New research shows criminals are becoming more creative where, when and how they take advantage of the season, as the number of fraudulent purchases increases proportionately when sales peak during the holidays.
eBay Enterprise’s Holiday Fraud Index revealed five fraud myths identified by the company’s Fraud Technology Lab. Fraud experts at eBay Enterprise debunked these myths to help retailers and brands boost holiday sales and delight customers during the busiest time of the year.
Data from orders processed by eBay Enterprise shows that fraudsters go to great lengths to blend their activity in with legitimate orders. Criminals choose to fraudulently purchase digital gift cards at the same time consumers typically return unwanted gifts in exchange for store credit. Many criminals also prefer to keep a standard Monday through Friday schedule, given that lab researchers see a spike in fraudulent attacks on Wednesdays at 8 a.m., just in time for deliveries to arrive before the weekend.
eBay Enterprise’s Fraud Technology Lab found that the highest fraud attack rates per state span the entire U.S. It also identified pockets of freight forwarding in coastal areas where merchandise can be more easily shuttled to international customers. While many authorized purchases pass through freight forwarders, certain product categories such as jewelry and electronics experience higher rates of freight forwarding fraud and may warrant greater scrutiny.
The Holiday Fraud Index exposes five myths that can end up hurting a businesses’ bottom line:
• Myth #1: Digital gift cards are too risky to sell.
• While digital gift cards can be intimidating for retailers because they are the equivalent of cash and are delivered quickly, they do not need to be viewed as too risky to sell. Digital gift cards are an extremely popular choice among good customers and the volume of good orders outweighs the fraudulent attempts.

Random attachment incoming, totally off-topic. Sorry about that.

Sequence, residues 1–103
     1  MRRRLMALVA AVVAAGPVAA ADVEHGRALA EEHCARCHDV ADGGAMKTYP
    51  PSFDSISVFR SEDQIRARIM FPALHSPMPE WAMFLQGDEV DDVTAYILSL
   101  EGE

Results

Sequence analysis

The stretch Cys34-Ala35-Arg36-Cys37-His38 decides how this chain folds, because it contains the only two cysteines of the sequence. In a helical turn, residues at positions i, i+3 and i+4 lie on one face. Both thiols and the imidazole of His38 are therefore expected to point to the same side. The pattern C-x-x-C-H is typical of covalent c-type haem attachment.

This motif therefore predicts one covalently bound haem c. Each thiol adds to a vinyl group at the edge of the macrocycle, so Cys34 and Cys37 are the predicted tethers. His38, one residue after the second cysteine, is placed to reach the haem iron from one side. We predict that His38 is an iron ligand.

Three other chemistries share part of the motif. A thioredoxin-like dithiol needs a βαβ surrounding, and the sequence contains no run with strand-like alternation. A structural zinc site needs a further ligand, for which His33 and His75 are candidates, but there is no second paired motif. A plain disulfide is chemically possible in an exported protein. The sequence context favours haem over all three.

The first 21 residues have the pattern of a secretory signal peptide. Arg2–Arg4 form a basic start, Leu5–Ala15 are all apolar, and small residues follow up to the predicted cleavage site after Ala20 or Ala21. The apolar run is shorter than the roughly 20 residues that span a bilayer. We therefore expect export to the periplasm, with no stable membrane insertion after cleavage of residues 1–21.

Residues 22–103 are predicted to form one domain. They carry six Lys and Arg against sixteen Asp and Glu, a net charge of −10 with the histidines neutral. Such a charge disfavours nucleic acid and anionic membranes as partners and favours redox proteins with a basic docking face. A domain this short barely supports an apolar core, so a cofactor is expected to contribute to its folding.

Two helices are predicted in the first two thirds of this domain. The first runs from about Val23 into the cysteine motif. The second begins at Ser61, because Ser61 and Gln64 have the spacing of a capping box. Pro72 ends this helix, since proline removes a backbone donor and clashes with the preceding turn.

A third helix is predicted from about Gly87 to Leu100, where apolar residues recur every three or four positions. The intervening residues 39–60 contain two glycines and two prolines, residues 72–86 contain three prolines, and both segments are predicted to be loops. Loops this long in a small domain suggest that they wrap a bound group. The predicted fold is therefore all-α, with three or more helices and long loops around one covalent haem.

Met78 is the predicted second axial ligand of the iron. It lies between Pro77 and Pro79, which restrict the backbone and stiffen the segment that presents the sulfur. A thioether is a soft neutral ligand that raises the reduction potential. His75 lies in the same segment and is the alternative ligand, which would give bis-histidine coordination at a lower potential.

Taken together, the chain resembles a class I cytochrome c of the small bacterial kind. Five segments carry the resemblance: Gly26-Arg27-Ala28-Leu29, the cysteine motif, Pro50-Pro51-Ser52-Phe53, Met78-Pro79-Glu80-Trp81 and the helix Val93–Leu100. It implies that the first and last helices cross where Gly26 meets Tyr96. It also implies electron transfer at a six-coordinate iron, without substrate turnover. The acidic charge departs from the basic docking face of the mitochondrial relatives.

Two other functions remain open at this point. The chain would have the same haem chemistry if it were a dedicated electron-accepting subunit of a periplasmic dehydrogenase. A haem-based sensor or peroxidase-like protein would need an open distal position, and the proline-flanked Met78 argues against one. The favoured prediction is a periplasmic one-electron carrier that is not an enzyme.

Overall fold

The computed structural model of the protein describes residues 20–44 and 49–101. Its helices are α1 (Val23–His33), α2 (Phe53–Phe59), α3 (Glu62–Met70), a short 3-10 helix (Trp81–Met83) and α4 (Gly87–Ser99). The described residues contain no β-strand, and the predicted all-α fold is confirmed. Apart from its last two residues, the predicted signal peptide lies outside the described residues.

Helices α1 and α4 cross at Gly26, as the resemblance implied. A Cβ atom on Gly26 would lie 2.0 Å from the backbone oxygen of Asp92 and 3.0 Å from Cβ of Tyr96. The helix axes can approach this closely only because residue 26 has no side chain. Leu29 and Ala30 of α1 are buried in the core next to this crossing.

• Myth #2: High distance, high dollar, high expedite equals high fraud risk.
• Greater distances, more expensive dollar values and quicker shipping options do not guarantee fraud, just as short distances, inexpensive dollar values and slower shipping do not ensure legitimate orders. It is dangerous to rely on only one of these metrics when crafting a fraud prevention strategy. Additional attributes should be layered on to help retailers find truly fraudulent transactions.
• Myth #3: Machine learning can replace manual review.
• Although it is important for ecommerce to improve technologically to combat unauthorized activity, it is just as important to understand the value of manual review. There are nuances in some good orders that even the most sophisticated computer programs mistakenly label as fraud.
• Myth #4: International orders are more risky than domestic ones.
• International orders are tricky for retailers, but more than 97 percent of orders shipping internationally for eBay Enterprise clients have been legitimate.
• Myth #5: Freight forwarders are inherently bad.
• Freight forwarders – also known as mail forwarding companies – have a negative reputation in some ecommerce circles, but hundreds of thousands of good transactions flow through freight forwarders every year.
For data, background and forecasts on Holiday Fraud: Search CardWeb.com’s CardFlash® Library of more than 58,000 archived articles; Access CardWeb.com’s CardData® for current and historical Performance, Portfolios, Profiles, etc. Visit RAM Research® (ramresearch.com) for quarterly and annual forecasts covering more than 150 metrics. [complimentary or deeply discounted access to CardWeb.com subscribers].
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